By Tierney O’Rourke


Over the past decade, the number of restrictions placed on abortion practices has spiked, and has severely limited a woman’s ability to practice her legal right to choose. Under Supreme Court ruling Planned Parenthood of Southeastern Pennsylvania vs. Casey in 1992, states are free to place restrictions on abortion as long as it does not place an “undue burden” on the woman. This intentionally vague ruling has left ample room for states to impose restrictions that come between a woman and her right to an abortion. Such restrictions include parental notification for women under 18, waiting periods, biased counseling, TRAP (Targeted Regulation of Abortion Providers) laws, physician/hospital rules, gestational age limits, “personhood” measures, fetal pain laws, bans of public and private funding for abortions (like the Hyde Amendment of 1997), mandatory ultrasounds, and restrictions of medication abortion. The United States Congress enacted another such restriction in 2003 with the Partial-Birth Abortion Ban Act that criminalized the practice of late-term abortion via intact dilatation and extraction. If a physician is found to have performed such an operation, they could serve up to two years in prison. In 2007, the United States Supreme Court upheld this decision in Gonzales vs. Carhart.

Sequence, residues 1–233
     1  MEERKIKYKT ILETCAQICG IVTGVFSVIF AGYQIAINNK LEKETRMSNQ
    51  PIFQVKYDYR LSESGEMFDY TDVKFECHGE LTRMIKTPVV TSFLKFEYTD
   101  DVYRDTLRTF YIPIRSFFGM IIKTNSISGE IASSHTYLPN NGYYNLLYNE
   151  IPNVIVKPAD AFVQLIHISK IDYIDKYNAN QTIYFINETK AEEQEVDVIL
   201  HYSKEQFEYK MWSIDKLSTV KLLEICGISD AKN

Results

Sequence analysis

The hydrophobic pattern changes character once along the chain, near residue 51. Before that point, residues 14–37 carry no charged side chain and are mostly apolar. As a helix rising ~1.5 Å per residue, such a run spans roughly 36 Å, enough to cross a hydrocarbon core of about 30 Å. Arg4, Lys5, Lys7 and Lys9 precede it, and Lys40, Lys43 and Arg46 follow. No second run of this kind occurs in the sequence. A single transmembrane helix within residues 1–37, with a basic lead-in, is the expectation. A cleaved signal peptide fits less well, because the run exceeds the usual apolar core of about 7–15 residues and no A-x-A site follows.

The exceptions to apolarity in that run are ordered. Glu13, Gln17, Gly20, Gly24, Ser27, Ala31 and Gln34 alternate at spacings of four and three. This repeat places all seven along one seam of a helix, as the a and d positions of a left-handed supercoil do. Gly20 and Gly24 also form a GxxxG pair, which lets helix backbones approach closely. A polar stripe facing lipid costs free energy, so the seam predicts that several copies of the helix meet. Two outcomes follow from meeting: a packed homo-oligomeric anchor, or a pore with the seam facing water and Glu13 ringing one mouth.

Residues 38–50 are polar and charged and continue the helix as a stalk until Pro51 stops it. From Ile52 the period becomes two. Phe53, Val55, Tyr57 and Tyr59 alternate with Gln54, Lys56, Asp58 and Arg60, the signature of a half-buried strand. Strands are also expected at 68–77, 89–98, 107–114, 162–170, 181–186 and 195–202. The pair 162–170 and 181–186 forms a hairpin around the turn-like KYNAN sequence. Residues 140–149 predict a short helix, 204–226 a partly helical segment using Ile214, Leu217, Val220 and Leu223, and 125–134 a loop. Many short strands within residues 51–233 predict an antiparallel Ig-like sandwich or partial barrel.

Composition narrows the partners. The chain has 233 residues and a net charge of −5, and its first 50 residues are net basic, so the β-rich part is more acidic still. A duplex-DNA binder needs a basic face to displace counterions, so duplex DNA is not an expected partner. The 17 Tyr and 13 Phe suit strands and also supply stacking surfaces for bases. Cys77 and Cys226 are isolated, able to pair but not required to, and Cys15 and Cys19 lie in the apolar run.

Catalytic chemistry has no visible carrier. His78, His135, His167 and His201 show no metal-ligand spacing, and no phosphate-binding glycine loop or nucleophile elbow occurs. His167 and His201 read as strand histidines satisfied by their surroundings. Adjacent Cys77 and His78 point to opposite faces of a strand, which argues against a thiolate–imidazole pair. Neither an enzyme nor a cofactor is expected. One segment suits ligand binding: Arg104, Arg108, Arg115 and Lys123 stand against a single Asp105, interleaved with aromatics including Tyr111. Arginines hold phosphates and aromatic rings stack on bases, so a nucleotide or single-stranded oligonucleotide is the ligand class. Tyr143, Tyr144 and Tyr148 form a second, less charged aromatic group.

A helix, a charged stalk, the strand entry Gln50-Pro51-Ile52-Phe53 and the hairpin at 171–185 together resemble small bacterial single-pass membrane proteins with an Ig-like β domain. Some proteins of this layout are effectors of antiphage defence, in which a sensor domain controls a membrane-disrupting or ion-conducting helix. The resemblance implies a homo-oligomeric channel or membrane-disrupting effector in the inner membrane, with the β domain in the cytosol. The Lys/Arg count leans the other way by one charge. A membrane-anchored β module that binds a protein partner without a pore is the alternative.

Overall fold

Gonzales vs. Carhart overturned the District of Nebraska State Court’s decision in Carhart vs. Ashcroft and the 9th Circuit US Court of Appeals case Planned Parenthood vs. Ashcroft that deemed the Partial Birth Abortion Ban Act unconstitutional. This was seen as a dramatic shift in the Supreme Court towards serious restriction of abortion rights (most likely on account of the retirement of Sandra Day O’Connor and the institution of Samuel Alito). As the New England Journal of Medicine noted, this ruling was the “first time the Court has ever held that physicians can be prohibited from using a medical procedure deemed necessary by the physician to benefit the patient’s health.” The majority opinion of Kennedy, Alito, Roberts, Thomas, and Scalia disregarded medical evidence provided by the defense, ruling in favor of the Partial Birth Abortion Ban Act in that “a moral, medical, and ethical consensus exists that the practice of performing a partial-birth abortion… is a gruesome and inhumane procedure that is never medically necessary and should be prohibited.” Not only does this ruling negate the large amount of medical evidence showing that IDE is in some cases necessary to protect the woman’s health (including instances of fetal hydrocephalus that can cause severe damage to a woman’s cervix), but in citing moral and ethical concerns it also violates the First Amendment of the US Constitution that promises a separation of church and state. In addition, Justice Thomas cites the Commerce Clause of the US Constitution as giving Congress sufficient power to regulate such medical practices in his concurring statement. However, the Commerce Clause only gives Congress power to regulate “commerce with foreign Nations, and among the several States, and with the Indian Tribes.” Thus, the connection between medical practices and regulating commerce is far too vague and requires too large amount of subjective interpretation to serve as evidence enough in this matter.